Children Of The Corn II: The Final Sacrifice


The sometimes spotty track record of Stephen King adaptations is one thing, but if you really want to trawl the bottom of the barrel when it comes to the cinematic representations of one literature’s most successful authors, you have to enter the direct to video world of sequels to movies of King’s work. Popping up all over the 90’s like fucking weeds, movies such as The Lawnmower Man and Salem’s Lot got highly unnecessary follow ups – Jesus Christ, even The Mangler somehow even made it to a fucking trilogy – but surely the cream of the crop is the seemingly endless follow ups that belatedly followed in the wake of Children Of The Corn. To date theres been a staggering eight Corn movies that exist with a finished reboot currently stuck in limbo as we speak, but the insidious seeds were first planted by The Final Sacrifice, a dirt cheap cash-in that amusingly modeled itself as a franchise closer, but instead created more brattish followers than He Who Walks Behind The Rows could ever hope to muster.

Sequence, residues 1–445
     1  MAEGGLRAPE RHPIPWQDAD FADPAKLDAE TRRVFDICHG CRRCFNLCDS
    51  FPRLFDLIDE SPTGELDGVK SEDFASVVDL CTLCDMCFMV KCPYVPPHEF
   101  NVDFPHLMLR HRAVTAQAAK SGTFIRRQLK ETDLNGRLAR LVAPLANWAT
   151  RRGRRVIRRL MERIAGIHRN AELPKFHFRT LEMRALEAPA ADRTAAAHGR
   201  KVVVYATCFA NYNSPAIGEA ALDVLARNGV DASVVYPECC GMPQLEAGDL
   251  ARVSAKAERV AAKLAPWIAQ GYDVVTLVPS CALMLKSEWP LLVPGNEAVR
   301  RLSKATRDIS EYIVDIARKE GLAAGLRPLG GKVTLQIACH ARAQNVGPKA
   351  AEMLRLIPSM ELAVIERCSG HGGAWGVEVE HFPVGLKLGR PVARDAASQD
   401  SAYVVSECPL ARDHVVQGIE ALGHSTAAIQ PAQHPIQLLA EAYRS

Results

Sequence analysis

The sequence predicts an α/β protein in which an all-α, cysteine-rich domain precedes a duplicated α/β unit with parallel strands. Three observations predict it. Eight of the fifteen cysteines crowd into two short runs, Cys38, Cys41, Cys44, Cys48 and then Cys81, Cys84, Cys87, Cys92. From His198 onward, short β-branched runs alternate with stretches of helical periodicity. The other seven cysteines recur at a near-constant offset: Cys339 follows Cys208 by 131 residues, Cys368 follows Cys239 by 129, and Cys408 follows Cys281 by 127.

Not long after the events in Gatlin, Nebraska that saw the entire childhood population suddenly go cuckoo for cocopuffs and massacre the entire adult population, there seems to be confusion on the part of the authorities what to do with the surviving kids. Enter the neighbouring, foolhardy town of Hemingford who’s kinder residents volunteer to adopt the bunch of tots blissfully unknowing that there were – and still are – under the thrall of the demonic, corn field  dwelling entity known as He Who Walks Behind The Rows.